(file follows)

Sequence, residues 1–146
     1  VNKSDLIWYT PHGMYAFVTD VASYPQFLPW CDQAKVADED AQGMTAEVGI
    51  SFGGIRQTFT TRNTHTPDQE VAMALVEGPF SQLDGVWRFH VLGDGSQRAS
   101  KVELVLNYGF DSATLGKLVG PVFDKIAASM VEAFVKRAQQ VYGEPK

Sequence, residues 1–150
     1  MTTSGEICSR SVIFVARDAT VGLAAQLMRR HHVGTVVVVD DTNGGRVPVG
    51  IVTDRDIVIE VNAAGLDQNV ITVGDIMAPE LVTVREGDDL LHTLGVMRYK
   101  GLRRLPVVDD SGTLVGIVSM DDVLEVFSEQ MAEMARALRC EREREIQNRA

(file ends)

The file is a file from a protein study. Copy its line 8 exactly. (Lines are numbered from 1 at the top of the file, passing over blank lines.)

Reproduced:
   101  GLRRLPVVDD SGTLVGIVSM DDVLEVFSEQ MAEMARALRC EREREIQNRA